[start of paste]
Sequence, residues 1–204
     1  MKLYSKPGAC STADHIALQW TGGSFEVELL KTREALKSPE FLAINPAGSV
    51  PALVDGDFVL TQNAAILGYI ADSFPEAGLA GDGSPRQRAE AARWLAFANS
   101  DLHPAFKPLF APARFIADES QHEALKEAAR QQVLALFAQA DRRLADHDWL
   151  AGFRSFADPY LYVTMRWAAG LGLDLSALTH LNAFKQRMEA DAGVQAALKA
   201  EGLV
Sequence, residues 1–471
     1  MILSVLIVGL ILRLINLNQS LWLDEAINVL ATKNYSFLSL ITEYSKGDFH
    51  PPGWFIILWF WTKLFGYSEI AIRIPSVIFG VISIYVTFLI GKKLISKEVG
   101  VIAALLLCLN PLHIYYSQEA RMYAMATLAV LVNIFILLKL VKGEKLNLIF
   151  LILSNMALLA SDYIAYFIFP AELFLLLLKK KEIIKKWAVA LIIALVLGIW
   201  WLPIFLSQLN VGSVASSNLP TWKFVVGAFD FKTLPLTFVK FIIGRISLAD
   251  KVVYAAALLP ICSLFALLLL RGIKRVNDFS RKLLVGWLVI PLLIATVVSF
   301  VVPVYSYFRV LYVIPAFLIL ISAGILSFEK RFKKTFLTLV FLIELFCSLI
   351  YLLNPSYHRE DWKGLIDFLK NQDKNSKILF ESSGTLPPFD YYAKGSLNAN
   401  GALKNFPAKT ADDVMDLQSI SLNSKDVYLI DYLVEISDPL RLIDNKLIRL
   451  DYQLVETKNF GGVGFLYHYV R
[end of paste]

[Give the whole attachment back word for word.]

Sequence, residues 1–204
     1  MKLYSKPGAC STADHIALQW TGGSFEVELL KTREALKSPE FLAINPAGSV
    51  PALVDGDFVL TQNAAILGYI ADSFPEAGLA GDGSPRQRAE AARWLAFANS
   101  DLHPAFKPLF APARFIADES QHEALKEAAR QQVLALFAQA DRRLADHDWL
   151  AGFRSFADPY LYVTMRWAAG LGLDLSALTH LNAFKQRMEA DAGVQAALKA
   201  EGLV
Sequence, residues 1–471
     1  MILSVLIVGL ILRLINLNQS LWLDEAINVL ATKNYSFLSL ITEYSKGDFH
    51  PPGWFIILWF WTKLFGYSEI AIRIPSVIFG VISIYVTFLI GKKLISKEVG
   101  VIAALLLCLN PLHIYYSQEA RMYAMATLAV LVNIFILLKL VKGEKLNLIF
   151  LILSNMALLA SDYIAYFIFP AELFLLLLKK KEIIKKWAVA LIIALVLGIW
   201  WLPIFLSQLN VGSVASSNLP TWKFVVGAFD FKTLPLTFVK FIIGRISLAD
   251  KVVYAAALLP ICSLFALLLL RGIKRVNDFS RKLLVGWLVI PLLIATVVSF
   301  VVPVYSYFRV LYVIPAFLIL ISAGILSFEK RFKKTFLTLV FLIELFCSLI
   351  YLLNPSYHRE DWKGLIDFLK NQDKNSKILF ESSGTLPPFD YYAKGSLNAN
   401  GALKNFPAKT ADDVMDLQSI SLNSKDVYLI DYLVEISDPL RLIDNKLIRL
   451  DYQLVETKNF GGVGFLYHYV R